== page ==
Transferring to another basketball program required a lot of effort until a few years ago when the NCAA relaxed the rules which resulted in a growing flood of transfers. Even after these changes, few players have an immediate impact on their new teams because they have to learn a new system and establish chemistry with players that have already been playing together for a while. Adapting and shaping a role in the lineup of the new team requires a tremendous amount of maturity. Jon Ekey, a 6’7 senior forward for Illinois, is a perfect example of how a player can insert himself into the rotation by identifying the necessary voids and making an immediate contribution. After transferring from Illinois State, Ekey is averaging 9.1 PPG and 6.3 RPG through 12 games with the Illini. The following are two specific aspects of his game that have helped the Illini during the non-conference season.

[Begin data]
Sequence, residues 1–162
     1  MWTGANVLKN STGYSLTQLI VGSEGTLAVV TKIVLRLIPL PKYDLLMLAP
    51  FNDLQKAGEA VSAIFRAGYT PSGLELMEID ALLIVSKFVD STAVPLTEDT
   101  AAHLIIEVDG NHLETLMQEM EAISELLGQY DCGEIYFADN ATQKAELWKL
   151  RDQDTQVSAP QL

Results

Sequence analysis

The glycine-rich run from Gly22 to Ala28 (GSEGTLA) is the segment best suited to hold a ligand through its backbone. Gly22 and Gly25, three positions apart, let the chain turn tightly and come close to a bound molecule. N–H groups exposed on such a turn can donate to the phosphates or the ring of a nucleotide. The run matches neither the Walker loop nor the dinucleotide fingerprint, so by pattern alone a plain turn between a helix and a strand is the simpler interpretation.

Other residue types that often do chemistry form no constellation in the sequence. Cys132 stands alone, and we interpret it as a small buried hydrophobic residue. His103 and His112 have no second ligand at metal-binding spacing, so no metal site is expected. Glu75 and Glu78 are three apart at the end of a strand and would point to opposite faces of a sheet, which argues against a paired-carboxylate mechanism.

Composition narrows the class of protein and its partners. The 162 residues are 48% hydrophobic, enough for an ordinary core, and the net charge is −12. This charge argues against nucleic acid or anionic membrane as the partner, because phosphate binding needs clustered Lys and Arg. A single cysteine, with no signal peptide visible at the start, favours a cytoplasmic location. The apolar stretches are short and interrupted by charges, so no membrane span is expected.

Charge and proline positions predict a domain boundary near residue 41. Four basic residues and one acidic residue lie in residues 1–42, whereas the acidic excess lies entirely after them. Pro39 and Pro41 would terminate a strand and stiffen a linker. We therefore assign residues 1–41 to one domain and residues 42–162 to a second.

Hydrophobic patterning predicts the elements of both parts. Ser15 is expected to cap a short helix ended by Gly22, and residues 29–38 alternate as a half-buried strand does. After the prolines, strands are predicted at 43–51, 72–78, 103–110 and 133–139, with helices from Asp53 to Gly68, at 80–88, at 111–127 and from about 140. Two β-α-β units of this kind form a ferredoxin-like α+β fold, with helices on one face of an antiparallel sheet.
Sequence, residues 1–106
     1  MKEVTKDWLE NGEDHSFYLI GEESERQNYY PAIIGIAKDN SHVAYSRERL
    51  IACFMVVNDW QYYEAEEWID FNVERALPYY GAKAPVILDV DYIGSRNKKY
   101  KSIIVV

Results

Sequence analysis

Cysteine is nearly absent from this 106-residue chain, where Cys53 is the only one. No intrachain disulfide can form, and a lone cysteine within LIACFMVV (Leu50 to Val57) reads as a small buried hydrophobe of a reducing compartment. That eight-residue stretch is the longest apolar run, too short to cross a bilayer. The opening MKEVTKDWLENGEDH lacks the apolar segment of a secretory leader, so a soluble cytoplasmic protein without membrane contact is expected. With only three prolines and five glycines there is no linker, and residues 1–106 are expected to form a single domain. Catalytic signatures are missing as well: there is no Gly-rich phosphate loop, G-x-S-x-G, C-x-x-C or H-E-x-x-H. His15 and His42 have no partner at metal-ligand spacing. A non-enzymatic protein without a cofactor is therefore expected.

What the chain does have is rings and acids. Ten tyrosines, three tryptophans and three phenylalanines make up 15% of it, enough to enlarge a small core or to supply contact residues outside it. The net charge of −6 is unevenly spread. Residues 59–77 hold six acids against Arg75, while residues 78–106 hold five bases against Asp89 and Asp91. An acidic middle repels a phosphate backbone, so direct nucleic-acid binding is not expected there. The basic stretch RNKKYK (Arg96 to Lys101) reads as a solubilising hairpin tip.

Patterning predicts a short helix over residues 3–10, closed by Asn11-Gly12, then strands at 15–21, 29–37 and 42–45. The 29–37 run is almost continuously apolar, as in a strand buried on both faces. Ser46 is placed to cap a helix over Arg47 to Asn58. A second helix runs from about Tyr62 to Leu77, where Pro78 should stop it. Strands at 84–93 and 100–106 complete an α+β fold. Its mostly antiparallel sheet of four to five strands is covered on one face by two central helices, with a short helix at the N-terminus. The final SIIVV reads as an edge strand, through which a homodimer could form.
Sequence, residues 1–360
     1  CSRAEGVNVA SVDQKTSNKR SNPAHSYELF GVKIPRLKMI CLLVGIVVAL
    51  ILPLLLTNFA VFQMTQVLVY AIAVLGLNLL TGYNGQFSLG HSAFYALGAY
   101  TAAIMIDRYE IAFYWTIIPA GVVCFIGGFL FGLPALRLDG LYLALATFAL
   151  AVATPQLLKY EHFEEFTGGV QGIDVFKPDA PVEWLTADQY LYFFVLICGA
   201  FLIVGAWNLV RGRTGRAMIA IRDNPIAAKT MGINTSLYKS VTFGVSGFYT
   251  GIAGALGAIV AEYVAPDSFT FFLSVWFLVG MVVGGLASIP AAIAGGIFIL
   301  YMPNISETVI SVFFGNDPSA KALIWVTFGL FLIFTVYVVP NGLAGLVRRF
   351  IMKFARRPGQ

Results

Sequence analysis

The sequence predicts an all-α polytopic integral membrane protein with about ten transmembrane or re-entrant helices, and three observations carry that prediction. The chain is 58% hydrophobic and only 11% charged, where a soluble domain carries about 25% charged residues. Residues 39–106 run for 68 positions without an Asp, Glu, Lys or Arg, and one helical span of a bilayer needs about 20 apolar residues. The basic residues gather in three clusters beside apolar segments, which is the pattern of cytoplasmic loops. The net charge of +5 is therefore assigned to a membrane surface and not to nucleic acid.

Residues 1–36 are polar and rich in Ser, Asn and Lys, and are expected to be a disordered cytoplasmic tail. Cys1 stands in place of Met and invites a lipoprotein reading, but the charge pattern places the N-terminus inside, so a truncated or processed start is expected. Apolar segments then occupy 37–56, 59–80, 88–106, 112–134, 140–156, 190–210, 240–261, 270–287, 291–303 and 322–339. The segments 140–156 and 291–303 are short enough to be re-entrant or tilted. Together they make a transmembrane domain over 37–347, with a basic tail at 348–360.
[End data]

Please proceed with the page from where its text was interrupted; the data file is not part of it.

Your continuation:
- Offensive Rebounding: It has been over a year since Meyers Leonard left Illinois for the NBA, but there hasn’t yet been a dominant rebounding forward to fill his shoes. Other than Nnanna Egwu (5.3 RPG), John Groce has not had any forwards who could hold their own on the defensive glass against tough competition. Ekey’s 10.1 percent offensive rebounding rate ranks in the top 10 among Big Ten players, and without his 6.3 RPG this season, the Illini would probably have lost a couple more games so far this season. What’s most impressive about his rebounding ability is his skill at tipping it around in the paint. There is no good statistic to measure tips, but by keeping the ball alive on the offensive end, he provides an opportunity for teammates to pick up loose balls and earn an extra possession. The primary wing players for the Illini – Joseph Bertrand and Rayvonte Rice – average at least 5.0 RPG themselves, which wouldn’t be possible without Ekey’s persistence in keeping the ball alive on the offensive end. Considering that Egwu struggles to stay out of foul trouble, Ekey’s presence on the glass is even more important to keep the Illini from getting dominated underneath. Read the rest of this entry »